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Senator supports Fulton family's FPS lawsuit

Senator supports Fulton family's FPS lawsuit

July 17th, 2019 by Helen Wilbers in Local News

A state legislator has voiced support for a Fulton family suing Fulton Public Schools.

In "Miya Estill v. Missouri Department of Elementary and Secondary Education et. al.," filed earlier this month, Estill claims FPS violated state law by not allowing her children to access a particular virtual education program through the school district. Namely, the civil suit states, FPS has violated the provisions of Senate Bill 603, which was signed into law in 2018.

State Sen. Bob Onder, R-Lake St. Louis, who sponsored the bill, spoke up to back Estill's cause. Onder is a member of the state Senate's education committee.

"It is imperative for students to access the education and courses they need to succeed," Onder said in a news release. "Senate Bill 603 was intended to expand opportunities for students to learn in an environment that works best for them, even if it is outside of the traditional classroom."

Filed with the Cole County Circuit Court, the petition alleges Estill attempted to enroll her three children in a series of online courses called MOVA. The courses are offered at another school district, Grandview R-2.

According to Estill, on May 22, FPS denied her request by email, stating "we don't use other districts' online curriculum" and no K-5 courses are available through the Missouri Course Access and Virtual School Program.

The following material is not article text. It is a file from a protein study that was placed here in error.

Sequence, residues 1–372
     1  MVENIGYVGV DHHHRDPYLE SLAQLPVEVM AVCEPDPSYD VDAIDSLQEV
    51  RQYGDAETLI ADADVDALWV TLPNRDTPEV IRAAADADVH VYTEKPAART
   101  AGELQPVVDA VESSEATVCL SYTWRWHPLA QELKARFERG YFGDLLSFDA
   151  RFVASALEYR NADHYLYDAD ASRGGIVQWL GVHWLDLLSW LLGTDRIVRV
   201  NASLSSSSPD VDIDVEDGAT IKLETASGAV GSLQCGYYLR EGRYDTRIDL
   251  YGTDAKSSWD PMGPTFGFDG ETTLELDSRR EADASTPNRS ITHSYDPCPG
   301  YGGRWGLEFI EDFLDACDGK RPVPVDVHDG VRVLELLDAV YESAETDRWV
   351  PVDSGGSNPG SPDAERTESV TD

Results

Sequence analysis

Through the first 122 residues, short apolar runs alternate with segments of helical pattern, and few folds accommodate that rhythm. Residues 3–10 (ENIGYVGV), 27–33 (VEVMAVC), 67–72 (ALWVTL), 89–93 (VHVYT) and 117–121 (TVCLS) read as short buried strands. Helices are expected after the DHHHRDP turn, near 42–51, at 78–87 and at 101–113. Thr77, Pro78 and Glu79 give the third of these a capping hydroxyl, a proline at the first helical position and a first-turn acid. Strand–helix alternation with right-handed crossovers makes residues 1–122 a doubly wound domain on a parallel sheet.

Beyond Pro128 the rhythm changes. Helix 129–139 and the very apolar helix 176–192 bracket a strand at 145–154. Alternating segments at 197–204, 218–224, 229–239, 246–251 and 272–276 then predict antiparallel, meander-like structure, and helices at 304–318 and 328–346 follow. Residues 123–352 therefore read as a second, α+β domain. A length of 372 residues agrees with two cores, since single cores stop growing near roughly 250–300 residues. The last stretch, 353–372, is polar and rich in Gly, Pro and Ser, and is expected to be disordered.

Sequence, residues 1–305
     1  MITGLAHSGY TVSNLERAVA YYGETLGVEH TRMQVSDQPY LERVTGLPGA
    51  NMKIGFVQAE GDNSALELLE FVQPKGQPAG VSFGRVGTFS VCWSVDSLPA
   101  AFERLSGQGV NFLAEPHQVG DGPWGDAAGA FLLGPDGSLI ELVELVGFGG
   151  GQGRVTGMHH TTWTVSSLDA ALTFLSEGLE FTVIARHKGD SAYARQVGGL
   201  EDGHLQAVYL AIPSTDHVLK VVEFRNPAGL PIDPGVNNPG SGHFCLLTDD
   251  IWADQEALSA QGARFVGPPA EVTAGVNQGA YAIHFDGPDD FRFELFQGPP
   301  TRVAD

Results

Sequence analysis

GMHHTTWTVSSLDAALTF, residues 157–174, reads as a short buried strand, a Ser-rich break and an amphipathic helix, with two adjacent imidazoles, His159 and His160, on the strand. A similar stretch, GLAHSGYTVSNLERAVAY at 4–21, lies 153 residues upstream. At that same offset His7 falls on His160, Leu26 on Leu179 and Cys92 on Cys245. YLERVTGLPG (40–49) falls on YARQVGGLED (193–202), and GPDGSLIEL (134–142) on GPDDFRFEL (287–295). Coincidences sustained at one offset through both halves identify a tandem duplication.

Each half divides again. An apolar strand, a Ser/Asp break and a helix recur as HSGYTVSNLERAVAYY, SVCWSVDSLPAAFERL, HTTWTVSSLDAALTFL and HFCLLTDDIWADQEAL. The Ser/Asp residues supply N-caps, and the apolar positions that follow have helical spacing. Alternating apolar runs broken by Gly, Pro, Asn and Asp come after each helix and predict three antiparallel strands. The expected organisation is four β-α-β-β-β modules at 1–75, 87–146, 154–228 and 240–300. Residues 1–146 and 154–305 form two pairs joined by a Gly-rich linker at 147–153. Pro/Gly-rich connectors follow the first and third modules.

On June 20, FPS wrote the MOVA courses had not been approved by DESE, Estill claims.

FPS spokeswoman Karen Snethen confirmed via email Monday that DESE has not currently approved any comprehensive elementary programs, though a few courses for fifth-graders are available.

The petition argues that by statute, individual school districts (not DESE) must determine whether online programs meet required standards. It cites RSMo 161.670, which states "any online course or virtual program offered by a school district which meets the requirements shall be automatically approved to participate in (MOCAP)."

Snethen said students are not guaranteed enrollment in MOCAP-approved courses through FPS.

"Should a current approved virtual course be requested, FPS officials will follow Board of Education policy and review the request for the 'best educational interest' of the student, thereby making a determination," she stated.

Because Grandview has determined MOVA courses meet standards and offers them to students, they should be automatically approved as MOCAP options, Estill's petition and Onder suggest.

Onder said SB 603 was intended to expand opportunities for eligible students to access online education, also known as virtual education, through their school if the provider meets certain requirements. But some families, such as Estill's, are facing barriers in receiving its benefits, he stated.

Onder said he believes MOVA meets the requirements to be used by the Fulton family, and they are being wrongfully denied access to educational options.

"It is outrageous that DESE and the Fulton School District are denying children the educational opportunities that are their right under Missouri law," Onder said. "I support the Estill family as they fight for their child and for other Missouri children. It is my hope that this case helps fulfill SB 603's purpose of allowing students access to the education they deserve."

An FPS representative said Tuesday that the school's administration could not comment on pending litigation. The district and other defendants do not appear to have filed any responses in the case, according to online court records.